Tuberculosis Information for Emergencies and Disasters
The Importance of TB Treatment
It is very important that people who have tuberculosis (TB) disease are treated, take the drugs exactly as prescribed, and finish the medicine. If they stop taking the drugs too soon, they can become sick again. If they do not take the drugs correctly, the TB bacteria that are still alive may become resistant to those drugs. TB that is resistant to drugs is harder and more expensive to treat.
TB Program Preparedness
Mass evacuations and damage caused by major emergencies or disasters can make efforts to help TB patients continue their treatment very difficult. TB programs’ work ensures that people who are receiving treatment for TB disease are able to continue their treatment, even if they are displaced temporarily or permanently by an emergency or disaster.
Ensuring continuity of TB treatment during emergencies and disasters should be included as part of public health emergency preparedness planning. In the event of an emergency or disaster, TB programs should:
- Make sure contact information for patients is current, and staff can reach patients if they decided to evacuate to another location.
- Provide to patients contact numbers of TB program personnel.
- Consider providing additional medication if patients are likely to be relocated, or if health department operations are likely to be affected.
Preventing TB Transmission in Shelters
In response to an emergency or disaster, communities may open emergency or temporary shelters. Existing shelters may also expand their hours. Shelter managers, staff, and clients should be aware of TB and ways to prevent TB transmission. The following messages may be helpful reminders for organizations and agencies involved in sheltering activities.
- Tuberculosis (TB) is spread through the air from one person to another, when someone with TB disease coughs, speaks, or sings.
- Symptoms of TB disease may include a cough that lasts 3 weeks or longer, chest pain, weight loss, and night sweats.
- If anyone in your shelter has symptoms of TB disease, contact the state or local TB program immediately. If possible, use respiratory control measures to reduce the risk of transmission.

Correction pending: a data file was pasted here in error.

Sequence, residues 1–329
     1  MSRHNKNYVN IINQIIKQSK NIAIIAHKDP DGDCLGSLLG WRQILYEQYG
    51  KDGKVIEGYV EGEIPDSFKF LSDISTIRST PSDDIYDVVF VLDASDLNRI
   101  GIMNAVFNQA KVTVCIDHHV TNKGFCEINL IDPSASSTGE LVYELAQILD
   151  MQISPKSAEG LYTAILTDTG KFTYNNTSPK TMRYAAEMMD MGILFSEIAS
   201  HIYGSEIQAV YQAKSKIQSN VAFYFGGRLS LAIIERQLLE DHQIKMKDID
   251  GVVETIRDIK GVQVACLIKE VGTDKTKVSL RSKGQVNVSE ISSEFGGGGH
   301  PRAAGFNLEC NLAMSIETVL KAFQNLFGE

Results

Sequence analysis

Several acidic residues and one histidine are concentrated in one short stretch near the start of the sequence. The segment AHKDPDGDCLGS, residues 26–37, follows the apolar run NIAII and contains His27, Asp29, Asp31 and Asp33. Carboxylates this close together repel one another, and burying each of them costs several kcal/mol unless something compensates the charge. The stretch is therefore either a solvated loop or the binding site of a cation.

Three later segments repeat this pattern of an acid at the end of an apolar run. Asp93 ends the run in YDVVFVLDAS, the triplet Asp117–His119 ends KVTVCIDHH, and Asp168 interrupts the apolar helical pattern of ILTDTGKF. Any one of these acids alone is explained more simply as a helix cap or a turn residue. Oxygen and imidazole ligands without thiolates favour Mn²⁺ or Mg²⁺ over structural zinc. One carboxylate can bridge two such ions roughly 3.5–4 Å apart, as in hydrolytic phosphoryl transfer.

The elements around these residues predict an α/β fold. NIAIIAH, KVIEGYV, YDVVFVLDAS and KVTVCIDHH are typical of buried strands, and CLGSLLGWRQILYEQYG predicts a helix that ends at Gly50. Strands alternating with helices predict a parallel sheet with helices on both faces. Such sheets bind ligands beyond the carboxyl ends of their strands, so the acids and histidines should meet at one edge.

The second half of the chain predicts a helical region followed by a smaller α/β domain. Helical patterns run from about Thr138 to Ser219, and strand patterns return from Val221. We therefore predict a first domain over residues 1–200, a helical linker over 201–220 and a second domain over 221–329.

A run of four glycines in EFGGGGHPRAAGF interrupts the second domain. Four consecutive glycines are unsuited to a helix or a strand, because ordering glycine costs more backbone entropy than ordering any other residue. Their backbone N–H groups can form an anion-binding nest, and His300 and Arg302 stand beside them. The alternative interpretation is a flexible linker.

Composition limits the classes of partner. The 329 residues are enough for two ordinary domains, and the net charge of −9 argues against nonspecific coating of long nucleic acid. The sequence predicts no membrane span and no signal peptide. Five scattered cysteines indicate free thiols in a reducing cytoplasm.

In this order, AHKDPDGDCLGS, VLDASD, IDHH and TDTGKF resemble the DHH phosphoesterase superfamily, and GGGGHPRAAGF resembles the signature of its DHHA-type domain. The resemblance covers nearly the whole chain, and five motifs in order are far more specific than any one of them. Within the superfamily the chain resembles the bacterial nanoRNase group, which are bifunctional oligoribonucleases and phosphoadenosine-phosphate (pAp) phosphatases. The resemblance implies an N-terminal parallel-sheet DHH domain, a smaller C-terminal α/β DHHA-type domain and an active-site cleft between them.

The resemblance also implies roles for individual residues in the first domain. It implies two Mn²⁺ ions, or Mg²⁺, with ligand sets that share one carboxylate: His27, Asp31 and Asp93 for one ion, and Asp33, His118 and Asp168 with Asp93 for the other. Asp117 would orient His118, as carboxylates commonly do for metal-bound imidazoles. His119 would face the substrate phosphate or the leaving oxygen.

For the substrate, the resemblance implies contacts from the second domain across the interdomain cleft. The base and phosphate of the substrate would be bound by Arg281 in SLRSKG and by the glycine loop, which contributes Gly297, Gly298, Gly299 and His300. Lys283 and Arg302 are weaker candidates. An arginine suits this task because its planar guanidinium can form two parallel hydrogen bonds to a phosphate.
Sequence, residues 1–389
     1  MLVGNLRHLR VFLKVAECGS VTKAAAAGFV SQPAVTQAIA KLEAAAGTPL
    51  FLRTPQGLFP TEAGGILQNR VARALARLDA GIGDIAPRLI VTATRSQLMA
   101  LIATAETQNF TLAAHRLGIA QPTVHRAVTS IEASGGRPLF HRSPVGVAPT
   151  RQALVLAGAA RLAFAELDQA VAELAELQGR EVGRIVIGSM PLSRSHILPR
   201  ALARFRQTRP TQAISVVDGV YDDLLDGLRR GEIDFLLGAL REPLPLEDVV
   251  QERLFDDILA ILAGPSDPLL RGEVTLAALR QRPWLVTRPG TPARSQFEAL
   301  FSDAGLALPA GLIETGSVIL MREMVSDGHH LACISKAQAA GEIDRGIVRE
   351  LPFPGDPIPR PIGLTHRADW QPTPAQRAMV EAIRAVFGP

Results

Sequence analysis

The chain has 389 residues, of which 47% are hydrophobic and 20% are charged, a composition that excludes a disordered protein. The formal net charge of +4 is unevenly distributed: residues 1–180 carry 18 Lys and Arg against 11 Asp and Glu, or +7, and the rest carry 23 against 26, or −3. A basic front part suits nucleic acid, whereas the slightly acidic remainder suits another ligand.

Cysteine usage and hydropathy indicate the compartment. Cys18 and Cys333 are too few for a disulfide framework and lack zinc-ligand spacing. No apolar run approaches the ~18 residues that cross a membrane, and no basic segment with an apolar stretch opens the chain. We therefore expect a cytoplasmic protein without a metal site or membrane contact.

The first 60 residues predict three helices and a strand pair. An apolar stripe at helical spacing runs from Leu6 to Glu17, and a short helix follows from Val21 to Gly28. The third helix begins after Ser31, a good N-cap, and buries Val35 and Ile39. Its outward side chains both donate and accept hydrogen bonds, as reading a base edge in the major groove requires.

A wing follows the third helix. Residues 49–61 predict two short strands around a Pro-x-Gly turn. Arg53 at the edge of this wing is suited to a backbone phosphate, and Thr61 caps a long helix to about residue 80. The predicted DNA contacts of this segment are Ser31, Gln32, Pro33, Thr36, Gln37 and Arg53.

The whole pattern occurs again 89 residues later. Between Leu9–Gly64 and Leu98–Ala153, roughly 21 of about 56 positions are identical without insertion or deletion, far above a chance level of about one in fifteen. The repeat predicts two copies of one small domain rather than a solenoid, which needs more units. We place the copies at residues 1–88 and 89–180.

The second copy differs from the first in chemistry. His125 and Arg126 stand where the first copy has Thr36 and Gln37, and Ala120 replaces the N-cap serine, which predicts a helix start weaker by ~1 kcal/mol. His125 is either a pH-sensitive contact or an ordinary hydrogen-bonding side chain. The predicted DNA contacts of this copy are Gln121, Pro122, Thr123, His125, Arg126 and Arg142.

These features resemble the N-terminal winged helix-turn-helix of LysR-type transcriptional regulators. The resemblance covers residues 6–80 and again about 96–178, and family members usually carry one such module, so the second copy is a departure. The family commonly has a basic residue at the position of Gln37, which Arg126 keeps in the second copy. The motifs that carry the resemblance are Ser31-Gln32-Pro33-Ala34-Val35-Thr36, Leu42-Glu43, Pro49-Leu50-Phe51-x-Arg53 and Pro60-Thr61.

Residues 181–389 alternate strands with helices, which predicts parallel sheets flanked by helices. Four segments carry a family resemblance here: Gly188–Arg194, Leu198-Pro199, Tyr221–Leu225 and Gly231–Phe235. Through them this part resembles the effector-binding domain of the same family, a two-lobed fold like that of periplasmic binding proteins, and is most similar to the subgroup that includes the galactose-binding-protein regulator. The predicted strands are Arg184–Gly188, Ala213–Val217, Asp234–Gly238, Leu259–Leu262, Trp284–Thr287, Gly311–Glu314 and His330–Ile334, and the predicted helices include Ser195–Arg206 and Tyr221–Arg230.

- Encourage all shelter staff, volunteers, or clients who are coughing to wear a mask.
- Provide disposable paper or cloth surgical masks to any symptomatic person.
- Separate those coughing until medically evaluated and found to be free of disease or are no longer contagious.
- Encourage staff and volunteers who are coughing to stay home until they are no longer coughing.
- Facilities should consult with their local health department about the necessity and frequency of TB screening for staff, volunteers, and clients.
Morbidity and Mortality Weekly Reports (MMWRs)
- Notes from the Field: Tuberculosis Control Activities After Hurricane Harvey — Texas, 2017
- Tuberculosis Control Activities Before and After Hurricane Sandy — Northeast and Mid-Atlantic States, 2012
- Integrated Preparedness for Continuity of Tuberculosis Care After Hurricanes Gustav and Ike: Louisiana and Texas, 2008
- Tuberculosis Control Activities After Hurricane Katrina — New Orleans, Louisiana, 2005
- State TB Control Offices
- CDC Emergency Preparedness and Response
- TB Guidance for Hurricane Workers and Evacuees: Identifying Persons in Your Evacuation Center Who May Have TB
- Infection Control After a Disaster
- Infection Control Recommendations for Prevention of Transmission of Respiratory Illnesses in Disaster Evacuation Centers
- Infection Control Guidance for Community Evacuation Centers Following Disasters
- Curry International Tuberculosis Center Homelessness and TB Toolkit
- CDC Questions and Answers about Tuberculosis
- Find TB Resources
- Treatment for TB Disease
- National Tuberculosis Controllers Association
- Page last reviewed: October 2, 2017
- Page last updated: January 12, 2018
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